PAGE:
After successfully publishing a “blockchain call” months ago UNICEF is now investing in six blockchain startups. UNICEF received over 100 applications from 50 different nations, when it called for early -stage technology startups. The organization’s innovation fund boasts of 20 other technology companies. These enterprises include “ data science, drones, machine learning etc.
The official release mentions that these investments are a significant milestone and will form an integral part of the humanitarian agency.
“Using smart-contracts for organizational efficiencies, creating distributed decision-making processes, and working to build knowledge and understanding of distributed ledger technology both in the United Nations and in the countries where UNICEF works.”
The organization will invest upto $100,000 USD in Atix Labs, Onesmart, Prescrypto, Statwig, Utopixar, and W3 Engineers.
Blockchain Solutions to be Delivered in 2019
The startups need to deliver their open-source prototypes of their blockchain applications within the next 12 months.
Atix Labs,based in Argentina is building a platform for medium-sized businesses to access investments in a manner which will provide transparency in usage of funds.
Onesmart, based in Mexico will ensure the delivery of state-provided social services. It will address the persisting issue of the misuse of social funds in emerging markets.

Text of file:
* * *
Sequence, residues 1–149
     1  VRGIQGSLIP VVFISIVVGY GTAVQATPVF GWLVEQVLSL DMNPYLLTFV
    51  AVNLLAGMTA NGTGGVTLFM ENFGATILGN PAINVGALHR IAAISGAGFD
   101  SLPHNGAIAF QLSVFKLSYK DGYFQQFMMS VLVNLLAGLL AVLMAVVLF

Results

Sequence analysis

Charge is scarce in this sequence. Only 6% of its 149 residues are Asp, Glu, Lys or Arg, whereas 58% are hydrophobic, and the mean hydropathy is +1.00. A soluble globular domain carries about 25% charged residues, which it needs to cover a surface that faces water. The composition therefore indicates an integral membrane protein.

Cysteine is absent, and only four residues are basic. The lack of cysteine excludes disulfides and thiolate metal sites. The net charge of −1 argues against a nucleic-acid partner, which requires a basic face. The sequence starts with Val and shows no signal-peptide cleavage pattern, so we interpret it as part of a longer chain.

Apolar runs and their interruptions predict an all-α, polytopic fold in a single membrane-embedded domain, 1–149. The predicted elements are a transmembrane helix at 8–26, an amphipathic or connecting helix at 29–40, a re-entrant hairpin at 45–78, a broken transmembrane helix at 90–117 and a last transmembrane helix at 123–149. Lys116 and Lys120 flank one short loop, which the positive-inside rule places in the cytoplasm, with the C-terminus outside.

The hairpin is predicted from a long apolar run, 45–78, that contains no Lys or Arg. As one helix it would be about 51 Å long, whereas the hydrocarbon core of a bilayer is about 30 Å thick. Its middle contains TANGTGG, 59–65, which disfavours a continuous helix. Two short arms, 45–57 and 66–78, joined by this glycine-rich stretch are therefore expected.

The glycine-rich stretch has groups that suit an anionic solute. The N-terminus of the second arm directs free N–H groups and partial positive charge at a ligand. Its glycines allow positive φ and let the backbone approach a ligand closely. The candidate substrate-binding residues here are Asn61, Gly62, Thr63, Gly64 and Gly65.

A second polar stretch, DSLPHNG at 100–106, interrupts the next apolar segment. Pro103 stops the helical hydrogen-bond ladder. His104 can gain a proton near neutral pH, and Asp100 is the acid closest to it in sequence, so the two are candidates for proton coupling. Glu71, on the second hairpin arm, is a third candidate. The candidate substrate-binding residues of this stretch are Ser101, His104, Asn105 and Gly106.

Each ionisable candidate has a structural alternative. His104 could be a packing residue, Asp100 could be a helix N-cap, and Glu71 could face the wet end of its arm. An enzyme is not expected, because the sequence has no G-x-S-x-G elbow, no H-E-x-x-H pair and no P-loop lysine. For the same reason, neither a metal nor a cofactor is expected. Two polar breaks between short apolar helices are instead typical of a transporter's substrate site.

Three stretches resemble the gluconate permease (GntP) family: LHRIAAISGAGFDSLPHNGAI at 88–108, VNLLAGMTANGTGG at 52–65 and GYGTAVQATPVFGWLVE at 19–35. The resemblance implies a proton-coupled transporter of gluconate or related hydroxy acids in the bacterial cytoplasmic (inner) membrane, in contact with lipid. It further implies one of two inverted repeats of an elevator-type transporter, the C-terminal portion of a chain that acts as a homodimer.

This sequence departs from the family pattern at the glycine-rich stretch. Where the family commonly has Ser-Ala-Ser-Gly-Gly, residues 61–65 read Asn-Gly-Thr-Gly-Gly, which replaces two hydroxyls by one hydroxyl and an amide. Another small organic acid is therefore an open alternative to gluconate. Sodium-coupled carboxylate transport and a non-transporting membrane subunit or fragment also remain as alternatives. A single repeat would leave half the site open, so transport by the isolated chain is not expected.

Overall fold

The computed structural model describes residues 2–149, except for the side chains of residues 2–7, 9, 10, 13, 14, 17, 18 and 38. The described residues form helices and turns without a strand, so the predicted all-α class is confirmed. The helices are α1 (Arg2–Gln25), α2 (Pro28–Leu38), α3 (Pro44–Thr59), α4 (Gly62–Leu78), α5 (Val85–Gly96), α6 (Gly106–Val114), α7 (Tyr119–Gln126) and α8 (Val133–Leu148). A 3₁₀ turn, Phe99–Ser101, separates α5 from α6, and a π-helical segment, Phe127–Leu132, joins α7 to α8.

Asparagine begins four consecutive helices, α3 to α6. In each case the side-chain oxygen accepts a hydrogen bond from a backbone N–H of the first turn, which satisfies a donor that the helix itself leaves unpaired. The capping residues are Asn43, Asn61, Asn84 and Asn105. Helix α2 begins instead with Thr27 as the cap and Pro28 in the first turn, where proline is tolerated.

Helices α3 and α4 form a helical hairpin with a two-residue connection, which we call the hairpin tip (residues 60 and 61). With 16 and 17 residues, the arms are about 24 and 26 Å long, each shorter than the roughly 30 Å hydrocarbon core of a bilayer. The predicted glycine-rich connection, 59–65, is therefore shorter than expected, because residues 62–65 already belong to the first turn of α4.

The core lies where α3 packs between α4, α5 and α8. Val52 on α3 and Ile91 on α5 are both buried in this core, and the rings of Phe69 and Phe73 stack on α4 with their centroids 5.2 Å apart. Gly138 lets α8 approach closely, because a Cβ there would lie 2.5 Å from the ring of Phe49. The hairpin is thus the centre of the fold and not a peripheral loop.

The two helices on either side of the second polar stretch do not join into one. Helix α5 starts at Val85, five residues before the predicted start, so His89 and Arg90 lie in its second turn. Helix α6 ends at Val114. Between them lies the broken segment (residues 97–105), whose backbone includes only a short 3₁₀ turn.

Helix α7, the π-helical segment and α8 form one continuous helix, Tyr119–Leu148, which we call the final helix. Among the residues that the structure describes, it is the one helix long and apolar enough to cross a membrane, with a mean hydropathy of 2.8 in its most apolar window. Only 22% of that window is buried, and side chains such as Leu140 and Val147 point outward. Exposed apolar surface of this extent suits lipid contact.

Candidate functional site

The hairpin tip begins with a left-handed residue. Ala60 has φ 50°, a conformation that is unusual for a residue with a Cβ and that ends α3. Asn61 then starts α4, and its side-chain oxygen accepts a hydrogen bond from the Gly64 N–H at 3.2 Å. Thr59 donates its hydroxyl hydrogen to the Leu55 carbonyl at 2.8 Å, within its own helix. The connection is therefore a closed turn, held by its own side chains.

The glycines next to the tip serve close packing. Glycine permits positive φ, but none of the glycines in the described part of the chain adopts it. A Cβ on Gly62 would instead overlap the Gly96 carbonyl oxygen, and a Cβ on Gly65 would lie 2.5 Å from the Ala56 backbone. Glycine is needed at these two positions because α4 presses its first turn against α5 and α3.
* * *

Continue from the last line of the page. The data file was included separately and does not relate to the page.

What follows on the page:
The second startup is also based in Mexico. Prescrypto, will improvise on the availability of electronic prescriptions by building a platform for patient medical histories.
Statwig is based in India and is creating a blockchain solution for the supply-chain management of vaccines to improve the efficiency of vaccine delivery
W3 Engineers, based in Bangladesh aim to connect migrant and refugee communities with an offline mobile networking platform that doesn’t need a sim card or stable internet connection.
Utopixar, based in Tunisia, is building a social tool for decision-making and the transfer of value which will be used by communities and other organisations.
Chris Fabian, Principal Adviser at UNICEF Innovation, said:
“Blockchain technology is still at an early stage — and there is a great deal of experimentation, failure, and learning ahead of us as we see how, and where, we can use this technology to create a better world.”
UNICEF’s Innovation Fund will not only provide product and growth assistance but also access to its network of experts and partners. In addition to its own seed-stage investment, it will also support startups with their second-round investment garnering. If the startups are successful in their venture they will further get an opportunity to take them to 190 countries covered by UNICEF.